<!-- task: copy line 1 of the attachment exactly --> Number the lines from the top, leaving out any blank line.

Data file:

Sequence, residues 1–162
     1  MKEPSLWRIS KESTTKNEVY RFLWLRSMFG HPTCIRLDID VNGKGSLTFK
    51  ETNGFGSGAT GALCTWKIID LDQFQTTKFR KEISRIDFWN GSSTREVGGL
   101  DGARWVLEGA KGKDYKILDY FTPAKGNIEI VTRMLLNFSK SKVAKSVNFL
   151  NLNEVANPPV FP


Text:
Sequence, residues 1–162